Early to Bed, Early to Rise

“Morning is an important time of day, because how you spend your morning can often tell you what kind of day you are going to have.” Lemony Snicket

One of my current personal practices of this school year is choosing to wake up at 3:50 am three out of five work days.  I’ll state the obvious:  It’s not fun at the moment the alarm sounds.  Messages, vying for attention, encourage me to hit the snooze button and/or skip the early wake up, “just this one day.”  After all, one time won’t hurt me.  Those messages are strong, loud, and clear as sleep threatens to overtake me, especially now that it is full-on winter with its early morning chill and darkness. I want to be weak and give in, but I know if I give in once, I’ll give in again and again until I ultimately return to old habits that tend to stress me out. 

To be clear, the other two work days, I get up one hour later–4:50 am–which, trust me, feels like a treat.  By the weekend, I’m exceptionally foot-loose and fancy free, setting the alarm for 5:50, which feels like being served up a warm brownie with ice cream on top! 

Okay, okay, perhaps I am being a tad bit dramatic, but the point is that I’ve discovered, after several months of implementation, that waking up early fairly consistently each morning offers me numerous benefits, many of which were unexpected. It began mostly as a way to get in a workout first thing in the morning before going to work, and that is still one of the main motivating reasons.  However, I discovered that I was reaping a few unexpected benefits as well.

Checking off goals in the predawn hours.

I became curious and wondered if I was merely experiencing some sort of placebo effect or if there was any solid data/research to support my anecdotal benefits.  Therefore, I began to nose around the internet gleaning information from various sites, trying to stick to the more reputable sources of research.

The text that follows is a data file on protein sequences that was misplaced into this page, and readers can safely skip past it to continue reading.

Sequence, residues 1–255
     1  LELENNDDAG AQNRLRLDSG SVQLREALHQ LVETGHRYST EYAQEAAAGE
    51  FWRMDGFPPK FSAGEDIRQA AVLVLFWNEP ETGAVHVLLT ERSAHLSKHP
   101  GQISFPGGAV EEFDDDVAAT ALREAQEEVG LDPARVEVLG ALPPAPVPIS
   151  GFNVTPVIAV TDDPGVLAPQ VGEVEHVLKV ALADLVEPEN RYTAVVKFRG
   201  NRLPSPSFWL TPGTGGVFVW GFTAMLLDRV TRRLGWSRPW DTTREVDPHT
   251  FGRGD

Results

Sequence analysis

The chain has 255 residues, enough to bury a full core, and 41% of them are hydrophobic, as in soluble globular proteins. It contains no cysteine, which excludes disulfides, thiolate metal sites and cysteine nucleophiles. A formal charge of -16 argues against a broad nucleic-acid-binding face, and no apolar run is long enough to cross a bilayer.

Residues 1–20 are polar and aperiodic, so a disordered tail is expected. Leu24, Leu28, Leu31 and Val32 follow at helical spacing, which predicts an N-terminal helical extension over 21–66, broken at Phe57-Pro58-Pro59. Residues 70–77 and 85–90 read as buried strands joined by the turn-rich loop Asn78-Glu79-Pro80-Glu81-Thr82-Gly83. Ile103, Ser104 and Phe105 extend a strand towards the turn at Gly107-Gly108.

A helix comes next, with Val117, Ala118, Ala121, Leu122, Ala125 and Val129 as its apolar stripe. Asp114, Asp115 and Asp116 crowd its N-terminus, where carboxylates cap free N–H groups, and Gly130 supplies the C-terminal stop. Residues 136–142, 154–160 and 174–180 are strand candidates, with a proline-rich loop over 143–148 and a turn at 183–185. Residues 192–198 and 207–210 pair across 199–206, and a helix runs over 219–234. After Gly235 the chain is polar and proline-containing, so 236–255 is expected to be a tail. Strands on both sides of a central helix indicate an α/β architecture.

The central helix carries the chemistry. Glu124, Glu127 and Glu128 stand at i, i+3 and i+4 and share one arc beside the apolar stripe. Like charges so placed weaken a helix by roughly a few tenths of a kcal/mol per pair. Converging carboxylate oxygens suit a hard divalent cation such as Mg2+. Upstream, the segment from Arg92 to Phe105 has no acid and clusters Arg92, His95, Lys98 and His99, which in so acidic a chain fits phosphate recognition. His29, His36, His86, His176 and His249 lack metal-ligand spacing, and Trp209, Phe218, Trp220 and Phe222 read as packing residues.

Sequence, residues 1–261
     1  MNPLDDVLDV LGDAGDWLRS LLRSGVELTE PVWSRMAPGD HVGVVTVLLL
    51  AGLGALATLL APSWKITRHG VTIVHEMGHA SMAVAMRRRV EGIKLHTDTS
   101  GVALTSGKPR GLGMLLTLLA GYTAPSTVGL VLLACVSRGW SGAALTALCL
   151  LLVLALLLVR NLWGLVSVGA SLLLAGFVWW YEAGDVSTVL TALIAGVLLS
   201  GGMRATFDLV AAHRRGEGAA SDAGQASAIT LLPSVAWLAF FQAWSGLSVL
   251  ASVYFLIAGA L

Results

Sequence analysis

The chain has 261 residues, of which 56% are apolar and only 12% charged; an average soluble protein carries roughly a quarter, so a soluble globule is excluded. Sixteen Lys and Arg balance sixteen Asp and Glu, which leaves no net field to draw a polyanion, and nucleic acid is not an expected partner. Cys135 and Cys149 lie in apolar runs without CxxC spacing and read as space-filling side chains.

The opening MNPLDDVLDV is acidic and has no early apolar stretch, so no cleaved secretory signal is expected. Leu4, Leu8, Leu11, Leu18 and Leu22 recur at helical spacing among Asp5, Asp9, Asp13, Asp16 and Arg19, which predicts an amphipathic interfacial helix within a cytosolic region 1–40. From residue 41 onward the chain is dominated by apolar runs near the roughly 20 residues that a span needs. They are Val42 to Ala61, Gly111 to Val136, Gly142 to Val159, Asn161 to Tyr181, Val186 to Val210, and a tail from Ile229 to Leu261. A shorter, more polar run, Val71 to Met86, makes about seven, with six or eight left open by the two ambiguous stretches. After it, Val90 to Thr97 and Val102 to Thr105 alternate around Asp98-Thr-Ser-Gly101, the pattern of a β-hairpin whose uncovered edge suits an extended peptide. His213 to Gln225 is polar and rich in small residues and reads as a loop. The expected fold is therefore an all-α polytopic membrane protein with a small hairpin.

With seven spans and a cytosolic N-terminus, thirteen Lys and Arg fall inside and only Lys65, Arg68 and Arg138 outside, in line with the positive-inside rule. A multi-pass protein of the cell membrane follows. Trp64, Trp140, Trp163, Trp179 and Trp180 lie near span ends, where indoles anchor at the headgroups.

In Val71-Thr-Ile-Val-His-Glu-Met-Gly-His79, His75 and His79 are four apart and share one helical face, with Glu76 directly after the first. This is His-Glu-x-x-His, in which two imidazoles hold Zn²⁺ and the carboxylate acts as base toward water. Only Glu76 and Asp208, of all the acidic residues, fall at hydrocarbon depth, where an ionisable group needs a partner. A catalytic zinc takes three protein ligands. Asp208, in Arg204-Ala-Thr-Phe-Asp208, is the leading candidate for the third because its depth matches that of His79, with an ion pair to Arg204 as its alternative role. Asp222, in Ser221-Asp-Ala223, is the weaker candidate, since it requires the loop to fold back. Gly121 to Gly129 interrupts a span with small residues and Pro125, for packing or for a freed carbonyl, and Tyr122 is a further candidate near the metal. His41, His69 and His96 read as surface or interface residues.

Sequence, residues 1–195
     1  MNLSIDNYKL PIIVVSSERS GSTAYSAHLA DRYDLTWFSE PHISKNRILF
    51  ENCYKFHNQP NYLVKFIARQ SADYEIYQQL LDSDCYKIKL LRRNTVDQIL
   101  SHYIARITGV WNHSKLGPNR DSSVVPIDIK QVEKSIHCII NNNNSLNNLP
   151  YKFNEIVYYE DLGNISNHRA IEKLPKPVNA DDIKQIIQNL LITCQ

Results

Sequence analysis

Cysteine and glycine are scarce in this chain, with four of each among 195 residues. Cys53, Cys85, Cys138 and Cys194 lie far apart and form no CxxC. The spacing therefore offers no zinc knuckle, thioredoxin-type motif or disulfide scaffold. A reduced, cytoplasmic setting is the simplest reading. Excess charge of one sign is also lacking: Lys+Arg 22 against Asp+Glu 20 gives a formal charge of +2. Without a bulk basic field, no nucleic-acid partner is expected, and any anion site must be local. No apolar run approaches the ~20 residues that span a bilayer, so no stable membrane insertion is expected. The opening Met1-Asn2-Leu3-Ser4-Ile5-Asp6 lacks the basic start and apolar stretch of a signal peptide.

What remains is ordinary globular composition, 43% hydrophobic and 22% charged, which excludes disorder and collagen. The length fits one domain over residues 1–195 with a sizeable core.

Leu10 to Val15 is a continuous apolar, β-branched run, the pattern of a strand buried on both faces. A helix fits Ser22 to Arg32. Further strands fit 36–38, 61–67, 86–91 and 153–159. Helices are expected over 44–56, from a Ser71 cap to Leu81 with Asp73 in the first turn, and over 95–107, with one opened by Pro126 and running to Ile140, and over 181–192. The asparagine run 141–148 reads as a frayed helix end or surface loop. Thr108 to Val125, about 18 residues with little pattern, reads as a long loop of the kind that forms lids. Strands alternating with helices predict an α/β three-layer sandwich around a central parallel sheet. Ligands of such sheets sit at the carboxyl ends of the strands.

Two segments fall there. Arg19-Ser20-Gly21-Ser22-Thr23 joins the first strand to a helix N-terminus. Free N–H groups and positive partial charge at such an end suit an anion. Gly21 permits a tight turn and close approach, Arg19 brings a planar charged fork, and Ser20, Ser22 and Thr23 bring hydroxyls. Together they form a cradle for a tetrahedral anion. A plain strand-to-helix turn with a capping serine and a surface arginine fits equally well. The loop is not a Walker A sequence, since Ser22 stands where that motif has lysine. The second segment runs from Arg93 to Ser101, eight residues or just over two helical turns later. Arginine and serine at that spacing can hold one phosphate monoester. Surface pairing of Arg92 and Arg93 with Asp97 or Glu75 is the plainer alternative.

*Early risers tend to be more proactive about their day

One of the first sources I ran across cited Harvard’s Biologist’s (Christoph Randler) work pointing to the fact that early morning risers tend to be more proactive.  This is due to the fact that they must think ahead and organize for the morning the previous evening in an attempt to anticipate and minimize potential issues. I can attest to the fact that I had to learn early in the process the importance of nightly organization in order for the early morning routine to flow efficiently.  

I continued reading on to learn more.  Here are a few more positive benefits to rising early according to those with more expertise than me: 

*Ability to accomplish most important task(s) (or personal goal) first thing

Since the early morning hours are typically the quietest, the mind (and schedule) are  fairly clear, freeing early risers to focus on the most important, or most challenging, goal of the day–in my case, that’s usually some sort of 5-10 minute devotional, followed by 30-40 minutes of writing/editing/revising/updating website, and finally about 2-3 minutes of clearing out junk work emails that accumulate overnight in my inbox and making note of important emails to tackle first thing at work.  I do these few tasks while sipping a cup of coffee allowing me to feel a small sense of accomplishment, even before I head to the gym. In fact, according to the Harvard Review, in a 2010 study, that early morning sense of accomplishment, sets the tone for your day, allowing early risers to feel more agreeable, optimistic, and conscientious.  Who knew?

Empty, or near empty gym, is an added bonus to the early morning wake-up, especially in the age of COVID.

*Morning exercise boosts the brain 

As a general rule, exercise benefits the body and mind, no matter what time of day it is completed.  However, people with busy schedules find that they are better able to stick with an exercise routine by completing it in the morning. As an added bonus, working out in the morning allows early risers to take advantage of all of the feel-good endorphins produced by the brain after exercise.  Plus, exercise reduces heart disease, boosts brain cognition, regulates blood sugar and weight, and tends to improve your mood. Therefore, if completing the workout in the morning ensures that you don’t miss a workout, then early risers are checking several boxes before the start of the official workday. Check, check, and check!

*Outlook and sleep quality improves while risk for depression decreases